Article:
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To the cake mix I added a single egg and a melted stick of butter, then I pressed it into the bottom of a parchment lined 8 by 8 baking dish.

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The powered sugar was beaten with the block of cream cheese, two more eggs, and a teaspoon of vanilla until smooth, then poured on top of the base.

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The whole thing was in the oven within 15 minutes, and baked for 52. The recipe said 40-45, but my oven is a gas oven and while I do have an oven thermometer I think it tends to run a bit cold. Regardless, 52 minutes was perfect. The centre was a touch jiggly but it set beautifully so that when I cut into it later that evening it held together yet remained perfectly gooey. The edges were golden brown and slightly crispy on top. We spent some time debating which was better: the centre pieces or the edge pieces. The results were unconclusive. I’ll probably have to make it again so we can come to some kind of agreement…

The top was slightly flakey, the bottom just soft enough to differentiate from the filling. I may be a convert to boxed cake mix in certain situations.

I would’ve taken a picture of the inside… But I forgot to pull out my camera. It was one of those great nights with lots of friends, some wine, some beer, laughter, and great food. So you’ll have to trust me: these were outstanding.

Gooey Butter Cake Bars

Makes about 64 1-inch squares, feeds much fewer than 64 people, good luck stopping at one square.

Ingredients:

1 Box yellow cake mix

3 Eggs

1 stick (1/2 cup, 4 ounces) of unsalted butter, melted

1 block (8 ounces) of cream cheese, softened

1lb (one bag) of powdered sugar

1 tsp vanilla

Instructions:

1. Preheat oven to 350 degrees, and line an 8 by 8 pan with parchment paper, leaving an overhang. This will make the bars a snap to remove and cut.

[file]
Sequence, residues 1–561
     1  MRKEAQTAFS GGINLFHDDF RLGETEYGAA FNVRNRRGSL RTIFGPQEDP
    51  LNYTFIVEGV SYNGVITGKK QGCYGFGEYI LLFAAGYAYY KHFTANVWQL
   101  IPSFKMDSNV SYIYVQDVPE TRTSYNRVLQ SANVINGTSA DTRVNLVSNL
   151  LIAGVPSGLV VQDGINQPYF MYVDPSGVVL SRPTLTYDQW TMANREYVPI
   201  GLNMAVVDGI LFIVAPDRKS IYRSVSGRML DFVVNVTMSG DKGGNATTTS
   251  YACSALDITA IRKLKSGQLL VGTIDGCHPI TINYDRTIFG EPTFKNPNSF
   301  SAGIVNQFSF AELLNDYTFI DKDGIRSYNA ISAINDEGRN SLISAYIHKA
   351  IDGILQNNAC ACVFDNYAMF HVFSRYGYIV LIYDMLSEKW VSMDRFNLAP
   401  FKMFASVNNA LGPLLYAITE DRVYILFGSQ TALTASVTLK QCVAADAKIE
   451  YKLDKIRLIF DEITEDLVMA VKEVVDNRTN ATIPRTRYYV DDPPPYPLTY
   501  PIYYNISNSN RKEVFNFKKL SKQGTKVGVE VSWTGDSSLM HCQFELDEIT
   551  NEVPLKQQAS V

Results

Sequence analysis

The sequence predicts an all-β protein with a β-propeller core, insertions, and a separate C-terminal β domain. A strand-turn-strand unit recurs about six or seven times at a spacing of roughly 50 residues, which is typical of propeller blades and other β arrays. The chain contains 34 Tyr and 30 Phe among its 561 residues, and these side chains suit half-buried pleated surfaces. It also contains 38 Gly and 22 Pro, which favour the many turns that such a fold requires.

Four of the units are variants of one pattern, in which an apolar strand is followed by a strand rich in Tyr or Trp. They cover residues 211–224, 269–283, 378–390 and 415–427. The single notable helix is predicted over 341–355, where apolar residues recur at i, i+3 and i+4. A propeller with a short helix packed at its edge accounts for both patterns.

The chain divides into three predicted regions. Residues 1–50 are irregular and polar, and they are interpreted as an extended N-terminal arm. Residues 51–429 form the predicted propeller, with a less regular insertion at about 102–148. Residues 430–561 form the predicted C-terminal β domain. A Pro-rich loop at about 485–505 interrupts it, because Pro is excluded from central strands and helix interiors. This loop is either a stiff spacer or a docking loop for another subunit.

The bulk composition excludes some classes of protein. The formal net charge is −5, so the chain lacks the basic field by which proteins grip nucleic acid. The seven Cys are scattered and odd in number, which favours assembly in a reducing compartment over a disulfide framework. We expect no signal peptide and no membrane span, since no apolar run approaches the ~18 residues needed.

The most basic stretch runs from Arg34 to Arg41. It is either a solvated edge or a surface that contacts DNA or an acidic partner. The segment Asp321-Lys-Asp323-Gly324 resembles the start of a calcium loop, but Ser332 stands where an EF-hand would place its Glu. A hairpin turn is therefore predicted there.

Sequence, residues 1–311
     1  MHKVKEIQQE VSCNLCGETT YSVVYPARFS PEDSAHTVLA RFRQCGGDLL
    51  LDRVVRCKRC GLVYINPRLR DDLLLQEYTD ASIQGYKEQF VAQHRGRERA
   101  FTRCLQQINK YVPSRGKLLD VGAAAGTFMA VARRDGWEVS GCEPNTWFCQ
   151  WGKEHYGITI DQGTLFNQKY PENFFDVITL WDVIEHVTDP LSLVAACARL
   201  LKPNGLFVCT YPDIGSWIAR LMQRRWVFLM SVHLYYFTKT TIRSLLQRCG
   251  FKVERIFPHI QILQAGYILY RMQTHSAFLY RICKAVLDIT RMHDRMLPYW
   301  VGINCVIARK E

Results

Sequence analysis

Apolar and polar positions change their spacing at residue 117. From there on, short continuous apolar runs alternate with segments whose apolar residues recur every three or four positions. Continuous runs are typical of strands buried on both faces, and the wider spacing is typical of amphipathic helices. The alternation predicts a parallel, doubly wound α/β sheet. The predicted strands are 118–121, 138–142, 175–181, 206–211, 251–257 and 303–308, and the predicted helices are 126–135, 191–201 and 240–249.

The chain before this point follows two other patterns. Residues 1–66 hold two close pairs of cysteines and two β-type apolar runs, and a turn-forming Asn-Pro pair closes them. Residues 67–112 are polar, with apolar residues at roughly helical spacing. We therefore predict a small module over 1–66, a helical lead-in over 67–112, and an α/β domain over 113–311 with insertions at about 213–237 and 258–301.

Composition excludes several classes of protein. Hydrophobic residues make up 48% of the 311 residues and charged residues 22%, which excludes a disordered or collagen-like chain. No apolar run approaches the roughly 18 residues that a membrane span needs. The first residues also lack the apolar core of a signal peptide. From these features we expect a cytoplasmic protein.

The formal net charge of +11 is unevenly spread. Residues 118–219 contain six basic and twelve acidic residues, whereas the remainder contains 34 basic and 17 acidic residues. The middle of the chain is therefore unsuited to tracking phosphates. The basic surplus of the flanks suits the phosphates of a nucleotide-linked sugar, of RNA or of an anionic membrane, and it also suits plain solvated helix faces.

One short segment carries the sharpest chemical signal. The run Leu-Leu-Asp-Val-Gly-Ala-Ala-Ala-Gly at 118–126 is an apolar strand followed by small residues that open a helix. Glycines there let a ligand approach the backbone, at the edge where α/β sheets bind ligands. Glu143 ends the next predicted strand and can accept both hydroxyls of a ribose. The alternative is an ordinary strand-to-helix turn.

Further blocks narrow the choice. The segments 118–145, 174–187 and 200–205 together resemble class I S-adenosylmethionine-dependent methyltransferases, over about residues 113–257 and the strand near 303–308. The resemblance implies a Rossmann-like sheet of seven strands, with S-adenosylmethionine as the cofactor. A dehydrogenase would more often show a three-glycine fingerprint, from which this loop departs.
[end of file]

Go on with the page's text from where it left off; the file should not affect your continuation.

2. In a medium bowl melt the butter in the microwave. Then mix, using a wooden spoon with cake mix, and one egg until mixture is uniform. Press into bottom of prepared pan.

3. In a stand mixer fitted with a paddle attachment beat together powdered sugar, remaining two eggs, cream cheese and vanilla until smooth and uniform. Pour over the base and spread to the edge using a rubber spatula.

4. Bake for 40-45 minutes or until the edges are golden brown and the centre is lightly brown and still slightly jiggly – similar to a cheesecake. Let cool COMPLETELY before slicing into 1inch squares using a sharp knife.

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Pistachio Cake with Honey-Vanilla Frosting

I disappeared for a while. I know. But I have the best excuse ever. No really. I spent the month of January in Paris and Dusseldorf, working for my old company and running around Europe with a good friend.

Fortunately there was a lot of eating. We enjoyed croissants, house-made bratwurst, German style red-cabbage, fondue… the list goes on. Of course, me being me, most of it went un-pictured. I adore food, but I’m not exactly great about documenting my adventures in pictures. I generally leave that to everyone else.

What I am good at however, is baking. So when, a few weeks after my return, my friends and I decided to throw a surprise birthday party for my closest and oldest friend’s 25th birthday party, I knew I was making cake.

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And after a month in Europe, eating pistachio macaroons like it was my job (which it unfortunately was not) I made pistachio cake with a cooked honey-vanilla buttercream. It was my first time attempting this kind of frosting, but I’m pleased to say it came out perfectly. Not to sweet, soft, fluffy, and lacking that grit that tends to come from the traditional, powdered-sugar structured butter-creams. My favourite remains my beloved swiss-meringue buttercream, but this certainly takes less time and the frosting is less finicky.